Editor’s note: The opinions expressed in this commentary — the first in a four-part series — are the author’s alone. Chris Brown is the founder of Venture Legal where he represents startups, freelancers, and small businesses. This column is intended to be general in detail and does not constitute legal advice.
For many new businesses, the value of their intellectual property will exceed the value of their physical assets. Unfortunately, the laws which protect intellectual property are not always intuitive and are often blurry. In a four-part series for Startland News, we’ll explore what entrepreneurs should know about copyrights, trademarks, trade secrets, and patents. And we’ll start with copyrights.
What is a copyright?
Copyrights protect creative works, from art and music to business documents, computer software and more. It’s important to note that you can’t copyright an idea, but only your original expression of the idea. You may think of a food delivery app, but that’s just an idea. The expression of the idea would be the specific screen layouts, content, and user flow of the app itself. That expression is the component you can protect using copyright.
How do you obtain a copyright?
Copyrights spring to life as soon as an original work is reduced to a tangible medium (for example, in writing, an audio recording, or something similar). Although registration with the Copyright Office is encouraged, it isn’t strictly required. Of course, it is often best to register your works, and many entrepreneurs can do this on their own using the Copyright Office’s website.
Once you obtain rights, you can prevent others from reproducing, distributing, displaying, performing, or creating derivative works using your original work (we commonly call these the “bundle of rights”).
Who owns the copyright?
This is where things get tricky and entrepreneurs often get it wrong.
The default rule is that the person that creates an original work is the owner of the copyright to that work. However, there are three primary ways someone else might become the owner of the copyright. The first is easy–the owner assigns the copyright (in writing) to someone else. The second is also kind of easy–when an employee creates an original work within the scope of their employment, the employer will own the copyright.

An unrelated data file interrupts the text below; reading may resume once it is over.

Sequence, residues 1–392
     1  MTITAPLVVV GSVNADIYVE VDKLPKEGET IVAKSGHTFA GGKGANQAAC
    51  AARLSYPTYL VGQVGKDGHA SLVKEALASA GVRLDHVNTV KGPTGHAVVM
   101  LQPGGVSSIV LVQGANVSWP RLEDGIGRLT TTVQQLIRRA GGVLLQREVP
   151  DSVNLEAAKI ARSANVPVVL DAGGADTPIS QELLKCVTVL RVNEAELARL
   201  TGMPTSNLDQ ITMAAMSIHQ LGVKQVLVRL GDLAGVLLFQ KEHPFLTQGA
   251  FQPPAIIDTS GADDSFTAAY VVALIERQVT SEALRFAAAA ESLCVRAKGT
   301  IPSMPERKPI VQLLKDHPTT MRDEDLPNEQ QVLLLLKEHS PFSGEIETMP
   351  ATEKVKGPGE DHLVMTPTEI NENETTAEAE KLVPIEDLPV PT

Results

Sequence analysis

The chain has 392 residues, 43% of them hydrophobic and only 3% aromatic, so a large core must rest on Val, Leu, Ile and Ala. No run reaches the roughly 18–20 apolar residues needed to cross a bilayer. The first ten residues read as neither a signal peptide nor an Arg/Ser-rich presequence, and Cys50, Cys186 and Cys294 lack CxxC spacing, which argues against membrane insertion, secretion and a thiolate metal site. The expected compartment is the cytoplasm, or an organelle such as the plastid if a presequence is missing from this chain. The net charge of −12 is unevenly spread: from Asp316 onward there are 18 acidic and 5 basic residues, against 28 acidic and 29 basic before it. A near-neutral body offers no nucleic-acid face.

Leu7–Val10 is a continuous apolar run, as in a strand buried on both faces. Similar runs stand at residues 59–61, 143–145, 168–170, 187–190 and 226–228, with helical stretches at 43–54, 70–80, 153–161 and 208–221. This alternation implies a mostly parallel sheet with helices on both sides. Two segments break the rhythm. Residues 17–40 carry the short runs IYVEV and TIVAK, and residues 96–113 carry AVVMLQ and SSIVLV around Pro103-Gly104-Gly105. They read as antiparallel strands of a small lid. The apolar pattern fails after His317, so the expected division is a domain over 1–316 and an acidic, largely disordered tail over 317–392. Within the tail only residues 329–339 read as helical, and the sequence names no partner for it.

The third is a bit more complicated, and it involves situations when an independent contractor creates an original work. In that case, the work may be (but usually is not) a “work made for hire.” And in either event, it is critical that the contractor and her client come to an agreement on copyright ownership in a written document (usually in a client or contractor agreement).
How long does a copyright last?
Generally speaking, rights under the Copyright Act will last for the life of the creator plus 70 years. There are situations where the length will be different, but it’s often easy to just assume “life plus 70” unless you really need to dig into the fact pattern.
What constitutes copyright infringement?
There are many misconceptions about copyright infringement out there (like the idea that if you change a work by 10 percent you are in the clear … which is not true). The true test is whether someone exercises one of the “bundle of rights” referenced above without authorization from the copyright owner. The “copy” doesn’t even have to be a literal copy. All that is required is that the copy be substantially similar to the original.
At this point, many entrepreneurs claim their use is “fair use” but it is important to note that the fair use defenses under copyright law are pretty narrow and you should never assume a use is fair use without speaking to a lawyer.
Next up: We’ll talk about trademarks, and in future installments of this series we’ll cover trade secrets and patents.
Chris Brown is the founder of Venture Legal where he represents startups, freelancers, and small businesses. He also co-founded Contract Canvas, a digital contract platform for freelancers. www.venturelegalkc.com // @CSBCounsel